Colposcopy: test detects HPV
Colposcopy is an examination part of the screening of cervical cancer with Pap test and / or specific test for detection of HPV (Human Papilloma Virus). In general it is an examination to complement the other, an important part of prevention that seeks to diagnose injuries that precede cancer and thus prevent cervical cancer.
Colposcopy allows the (the) gynecologist examine the cervix andvagina with magnifying lenses. Biopsies can also be madetime of colposcopy if lesions are identified. Colposcopy is then the lap Visualizationuterus to the vaginal walls with a device called a colposcope and removal of biopsies aresmall sample of cervical tissue or vaginal walls during the examination.
If the screening test results are abnormal, such as cervical cytology or pap smear, further tests are needed to confirm the result and determine the severity of the change. Colposcopy is the test usually recommended in this case. Not all women with an abnormal test cervical screening will need treatment. The colposcopy with or without biopsy can help determine if and when a treatment of abnormality is needed.
The Pap test can be abnormal due to infectionsgenital groups in this case may be performed as indicated treatmentthe gynecologist and repeat cytology. When the Pap testsuggests changes suggestive of HPV infection is generally indicated atcolposcopy with biopsy if necessary.
Colposcopy can be done at any time of the month, but it is not possible during the period of menstruation.
It is recommended that women do not use creams or vaginal douches in 3-5 daysbefore the exam, the same goes for sex, which should alsobe avoided during this period.
The colposcope is a device with a magnifying glass, which allows the display colposcopist lesions observed with the naked eye. With the patient in a gynecological position, it is the vaginal speculum, popularly known as duck-billed, then after the neck of the display with the colposcope a first, acetic acid is the net placed first on the cervix and vagina for stain cells and to allow the medical see better where the abnormal cells are located and the size of all the abnormal areas. When this solution is used, the patient may experience a burning sensation or slight burning.
The size, type and location of abnormal cells will helpdetermine which area or areas may need to be biopsied. It isinformation will also determine how severe the abnormality and alsohelp determine which treatment. When monitored and treatedearly, precancerous areas usually do not progress to thecervical cancer. Anesthesia is not usually used prior to biopsycervix or vaginal walls because the biopsy causes only mild discomfort orcolic for most women. But each person's pain thresholdit may varies. Talk to your doctor about it.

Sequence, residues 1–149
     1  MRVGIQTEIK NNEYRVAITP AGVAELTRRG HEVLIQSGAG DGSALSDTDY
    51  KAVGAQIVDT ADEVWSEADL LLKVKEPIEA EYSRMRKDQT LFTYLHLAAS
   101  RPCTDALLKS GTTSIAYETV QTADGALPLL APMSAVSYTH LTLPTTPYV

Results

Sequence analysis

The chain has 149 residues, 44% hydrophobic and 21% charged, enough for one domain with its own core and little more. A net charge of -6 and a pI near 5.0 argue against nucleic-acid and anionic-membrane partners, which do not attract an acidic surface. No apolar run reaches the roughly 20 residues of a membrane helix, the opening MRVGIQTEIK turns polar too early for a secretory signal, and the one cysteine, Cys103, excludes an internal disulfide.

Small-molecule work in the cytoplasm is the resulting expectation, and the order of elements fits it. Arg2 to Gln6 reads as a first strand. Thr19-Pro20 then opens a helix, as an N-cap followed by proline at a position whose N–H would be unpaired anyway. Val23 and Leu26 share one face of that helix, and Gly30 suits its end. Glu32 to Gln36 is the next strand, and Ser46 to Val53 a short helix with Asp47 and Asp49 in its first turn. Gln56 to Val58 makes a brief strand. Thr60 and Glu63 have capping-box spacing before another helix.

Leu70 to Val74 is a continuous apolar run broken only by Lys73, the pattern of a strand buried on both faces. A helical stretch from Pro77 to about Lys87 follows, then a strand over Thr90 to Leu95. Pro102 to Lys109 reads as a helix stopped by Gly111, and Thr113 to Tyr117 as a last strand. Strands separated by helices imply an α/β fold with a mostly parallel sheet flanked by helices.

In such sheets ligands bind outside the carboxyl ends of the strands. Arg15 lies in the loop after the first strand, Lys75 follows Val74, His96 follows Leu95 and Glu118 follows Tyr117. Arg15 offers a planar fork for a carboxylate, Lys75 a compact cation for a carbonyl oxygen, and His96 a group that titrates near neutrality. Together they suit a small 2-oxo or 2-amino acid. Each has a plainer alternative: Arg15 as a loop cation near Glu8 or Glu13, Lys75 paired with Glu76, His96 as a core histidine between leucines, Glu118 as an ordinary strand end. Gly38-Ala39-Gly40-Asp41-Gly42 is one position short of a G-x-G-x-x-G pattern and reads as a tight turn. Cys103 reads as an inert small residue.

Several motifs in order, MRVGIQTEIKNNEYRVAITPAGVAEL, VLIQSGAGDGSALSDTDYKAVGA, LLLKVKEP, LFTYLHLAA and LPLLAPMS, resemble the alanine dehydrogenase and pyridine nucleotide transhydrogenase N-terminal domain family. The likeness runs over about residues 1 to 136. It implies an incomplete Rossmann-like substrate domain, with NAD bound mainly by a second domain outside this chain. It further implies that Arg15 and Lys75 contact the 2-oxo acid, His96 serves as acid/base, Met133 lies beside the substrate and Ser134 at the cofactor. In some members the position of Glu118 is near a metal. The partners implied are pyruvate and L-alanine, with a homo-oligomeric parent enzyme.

after thisvisualization with acetic acid, is generally applied lugol, substanceiodine basis, with the function of coloring the cervix and the vaginal walls and provide furthermore information. People with iodine allergy should inform the medicalso that this part of the examination is not performed.
The Colposcopy takes approximately 10 minutes and causes minimal discomfort for most women.
Do not put anything in the vagina (creams, shower caps) without medical advice and not have sex for 48 hours after the examination when there biopsy.
If you know you are pregnant, or there is the risk, it is important to tell the doctor colposcopist. The examination can usually be done during pregnancy if indicated, as well as any biopsies.
After the examination, if there was a cervical biopsy, there may be some vaginal bleeding. By lugol account, you can also leave a brown staining secretion for a few days.
Most women are able to return to work or study immediately after making a colposcopy. Some women have mild pain or cramps, but this usually disappears within one to two hours.
A typical result is when we found no lesion area. When all the cervix and vaginal walls are stained uniformly applied to the liquids in general the result is normal. When the biopsy is performed on the tissue sample is sent for microscopic examination by pathologists for the final diagnosis.
Simple discharge can cause cervicitis, an inflammation of the cervix that can be seen by colposcopy. But the main focus of diagnosis are lesions caused by HPV, so they can be treated before they become cancer.
Barbara Alencar Rolim Murayama, gynecologist and specialist My Life - CRM: 112,527